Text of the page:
- Water — Keeps the body hydrated, lubricates joints, cushions sensitive tissues, regulates body temperature, flushes body waste and provides numerous other benefits.
The difference is that critically ill patients may require more of certain nutrients and less of others, depending on the illness or injury and their specific nutritional needs. Additionally, like NICU patients, they may not be able to consume nutrients through the mouth and may require enteral or parenteral (through IV) nutrients. As with any critically ill or injured patient, nutrition is vital to recovery.
“The PICU sometimes follows patients who present with malnutrition,” said Kristina Deeter, M.D., a pediatric intensivist and specialty medical officer for pediatric critical care medicine at Pediatrix Medical Group. “Following these patients very closely and watching their labs is important because they can develop ‘refeeding syndrome.’”
Refeeding syndrome occurs when a malnourished patient begins to eat food again. The reintroduction of glucose can cause a sudden shift in fluids and electrolytes, which could lead to severe medical complications. Therefore, it is essential to reintroduce foods slowly and gradually increase calories while closely monitoring the patient’s weight, vital signs and shifts in electrolytes and fluids to help prevent refeeding syndrome.
Nutrition management for premature or critically ill patients
A successful nutrition program requires a task force of multidisciplinary experts who specialize in clinical nutrition, including dietitians, nutritionists and pediatric specialists (e.g., neonatologists and pediatric intensivists), nurses, pharmacists and lactation consultants. The team conducts various activities, such as:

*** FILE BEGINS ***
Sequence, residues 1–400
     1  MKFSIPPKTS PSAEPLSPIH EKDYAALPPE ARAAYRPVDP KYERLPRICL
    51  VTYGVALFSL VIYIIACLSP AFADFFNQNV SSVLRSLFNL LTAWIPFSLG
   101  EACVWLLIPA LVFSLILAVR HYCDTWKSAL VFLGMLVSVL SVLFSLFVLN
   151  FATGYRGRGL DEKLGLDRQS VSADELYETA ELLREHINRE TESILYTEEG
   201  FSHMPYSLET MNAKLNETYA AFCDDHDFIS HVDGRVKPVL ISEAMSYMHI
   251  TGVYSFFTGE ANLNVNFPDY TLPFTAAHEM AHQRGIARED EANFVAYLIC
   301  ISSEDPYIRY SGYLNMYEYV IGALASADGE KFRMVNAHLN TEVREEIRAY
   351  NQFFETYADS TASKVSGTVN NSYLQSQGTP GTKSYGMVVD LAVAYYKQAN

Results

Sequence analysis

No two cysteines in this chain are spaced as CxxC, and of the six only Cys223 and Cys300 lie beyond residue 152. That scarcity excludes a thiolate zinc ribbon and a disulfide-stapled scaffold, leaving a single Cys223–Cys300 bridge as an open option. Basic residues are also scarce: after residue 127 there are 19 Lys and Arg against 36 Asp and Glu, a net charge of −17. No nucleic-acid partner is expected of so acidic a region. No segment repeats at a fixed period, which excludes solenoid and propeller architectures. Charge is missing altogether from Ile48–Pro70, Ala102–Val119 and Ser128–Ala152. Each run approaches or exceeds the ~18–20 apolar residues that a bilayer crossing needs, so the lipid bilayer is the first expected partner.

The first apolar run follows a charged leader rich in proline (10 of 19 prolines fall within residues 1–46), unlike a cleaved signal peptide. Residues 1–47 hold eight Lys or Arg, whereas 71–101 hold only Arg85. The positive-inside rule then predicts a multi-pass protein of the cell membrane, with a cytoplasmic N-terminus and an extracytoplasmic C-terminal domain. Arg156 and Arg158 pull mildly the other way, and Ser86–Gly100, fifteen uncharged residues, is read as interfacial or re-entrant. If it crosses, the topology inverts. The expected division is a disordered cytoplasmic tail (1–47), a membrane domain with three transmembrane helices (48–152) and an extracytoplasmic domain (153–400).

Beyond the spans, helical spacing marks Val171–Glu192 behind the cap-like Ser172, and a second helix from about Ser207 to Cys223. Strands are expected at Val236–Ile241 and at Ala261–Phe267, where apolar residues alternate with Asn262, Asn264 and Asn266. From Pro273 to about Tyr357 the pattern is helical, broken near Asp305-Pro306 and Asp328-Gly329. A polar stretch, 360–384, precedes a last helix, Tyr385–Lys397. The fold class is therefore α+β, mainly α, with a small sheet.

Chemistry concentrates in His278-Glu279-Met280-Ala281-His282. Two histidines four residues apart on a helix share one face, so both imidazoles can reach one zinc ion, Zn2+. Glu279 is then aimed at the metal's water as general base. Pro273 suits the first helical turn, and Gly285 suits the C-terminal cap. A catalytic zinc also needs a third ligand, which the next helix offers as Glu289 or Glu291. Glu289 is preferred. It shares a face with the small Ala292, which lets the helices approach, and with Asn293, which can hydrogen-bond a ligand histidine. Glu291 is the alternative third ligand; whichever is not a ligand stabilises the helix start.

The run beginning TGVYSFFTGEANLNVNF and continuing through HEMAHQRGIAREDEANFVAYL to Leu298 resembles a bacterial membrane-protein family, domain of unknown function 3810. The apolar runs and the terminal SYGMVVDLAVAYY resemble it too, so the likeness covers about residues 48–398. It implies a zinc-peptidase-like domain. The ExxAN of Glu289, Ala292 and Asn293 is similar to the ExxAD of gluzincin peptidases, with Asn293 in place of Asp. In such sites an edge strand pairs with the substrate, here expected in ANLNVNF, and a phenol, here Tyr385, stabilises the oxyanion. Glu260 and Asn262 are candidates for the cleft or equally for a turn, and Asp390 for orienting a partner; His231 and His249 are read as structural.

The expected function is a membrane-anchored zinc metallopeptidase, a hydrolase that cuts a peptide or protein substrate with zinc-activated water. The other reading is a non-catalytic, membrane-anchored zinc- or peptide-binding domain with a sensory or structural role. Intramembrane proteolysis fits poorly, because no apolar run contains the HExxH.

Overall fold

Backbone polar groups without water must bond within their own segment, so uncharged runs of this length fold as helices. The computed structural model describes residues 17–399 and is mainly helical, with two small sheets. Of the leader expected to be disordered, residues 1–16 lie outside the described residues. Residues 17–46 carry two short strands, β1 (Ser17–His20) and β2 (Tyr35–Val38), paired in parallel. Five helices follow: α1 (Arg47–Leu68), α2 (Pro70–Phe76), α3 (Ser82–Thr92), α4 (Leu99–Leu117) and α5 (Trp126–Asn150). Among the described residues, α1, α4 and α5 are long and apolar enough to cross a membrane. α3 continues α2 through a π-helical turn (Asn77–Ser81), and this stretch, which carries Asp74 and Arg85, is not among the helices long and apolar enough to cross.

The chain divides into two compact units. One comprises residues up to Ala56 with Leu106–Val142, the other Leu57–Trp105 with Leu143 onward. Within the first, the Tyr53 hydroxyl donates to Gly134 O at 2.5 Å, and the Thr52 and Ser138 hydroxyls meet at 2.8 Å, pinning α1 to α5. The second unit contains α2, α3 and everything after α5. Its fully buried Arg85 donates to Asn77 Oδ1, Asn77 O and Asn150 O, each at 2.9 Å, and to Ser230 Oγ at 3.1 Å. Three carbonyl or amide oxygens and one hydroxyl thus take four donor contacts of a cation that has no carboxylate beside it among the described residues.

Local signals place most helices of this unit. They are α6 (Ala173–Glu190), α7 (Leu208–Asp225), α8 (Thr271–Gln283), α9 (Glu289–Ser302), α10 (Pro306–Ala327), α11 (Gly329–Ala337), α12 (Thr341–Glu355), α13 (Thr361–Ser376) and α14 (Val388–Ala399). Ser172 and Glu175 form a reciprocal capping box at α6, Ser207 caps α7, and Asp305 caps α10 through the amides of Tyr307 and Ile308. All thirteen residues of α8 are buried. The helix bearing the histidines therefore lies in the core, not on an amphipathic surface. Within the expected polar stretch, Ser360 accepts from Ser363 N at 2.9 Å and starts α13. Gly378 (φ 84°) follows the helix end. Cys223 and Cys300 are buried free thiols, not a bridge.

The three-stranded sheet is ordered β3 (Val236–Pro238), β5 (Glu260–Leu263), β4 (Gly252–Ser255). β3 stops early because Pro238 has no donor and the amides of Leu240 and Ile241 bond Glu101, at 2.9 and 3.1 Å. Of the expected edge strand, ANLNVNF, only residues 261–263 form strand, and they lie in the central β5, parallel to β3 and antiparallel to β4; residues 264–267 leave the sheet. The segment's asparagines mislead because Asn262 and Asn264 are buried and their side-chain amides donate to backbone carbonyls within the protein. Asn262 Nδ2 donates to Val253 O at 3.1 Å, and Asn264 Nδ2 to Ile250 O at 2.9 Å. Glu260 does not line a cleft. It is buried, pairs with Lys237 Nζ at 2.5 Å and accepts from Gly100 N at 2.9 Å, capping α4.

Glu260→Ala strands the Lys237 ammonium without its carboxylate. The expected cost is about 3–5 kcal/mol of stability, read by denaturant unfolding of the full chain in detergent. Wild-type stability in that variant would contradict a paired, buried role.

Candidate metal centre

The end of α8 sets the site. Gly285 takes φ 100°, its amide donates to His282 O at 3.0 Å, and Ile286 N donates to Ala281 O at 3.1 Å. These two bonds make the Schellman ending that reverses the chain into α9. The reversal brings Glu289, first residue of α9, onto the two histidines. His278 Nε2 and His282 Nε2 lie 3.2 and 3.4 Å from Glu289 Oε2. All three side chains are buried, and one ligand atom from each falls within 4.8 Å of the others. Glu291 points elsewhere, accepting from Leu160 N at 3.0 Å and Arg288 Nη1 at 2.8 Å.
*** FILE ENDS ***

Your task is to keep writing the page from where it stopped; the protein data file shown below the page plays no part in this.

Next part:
- Performing clinical assessments to help determine a patient’s nutritional status and requirements.
- Developing and implementing nutrition guidelines.
- Identifying and participating in quality-improvement initiatives.
- Establishing lactation and breastfeeding guidelines.
- Managing infection prevention in the handling, storage and delivery of nutritional products.
- Monitoring nutritional status through various means, such as:
- Body weight and height/length.
- Skinfold thickness to determine body fat mass.
- Circumference measurements of the arms, legs and torso.
- Urination and bowel movement frequency.
- Monitoring metabolic state (to determine if the body breaks down foods and absorbs nutrients properly).
While concerns about malnutrition come to mind when thinking about patients and nutritional needs, overfeeding can prove equally harmful. Using various methods and techniques to monitor the nutritional status of NICU and PICU patients is vital, ensuring neither underfeeding nor overfeeding occurs. Either situation may be detrimental to patient outcomes, which is another reason a nutrition program using a multidisciplinary team approach is a valuable part of the overall patient care and treatment plan.
“Close attention to the nutritional status of the NICU baby is of key importance and a focus of what we do every day,” said Dr. Carr.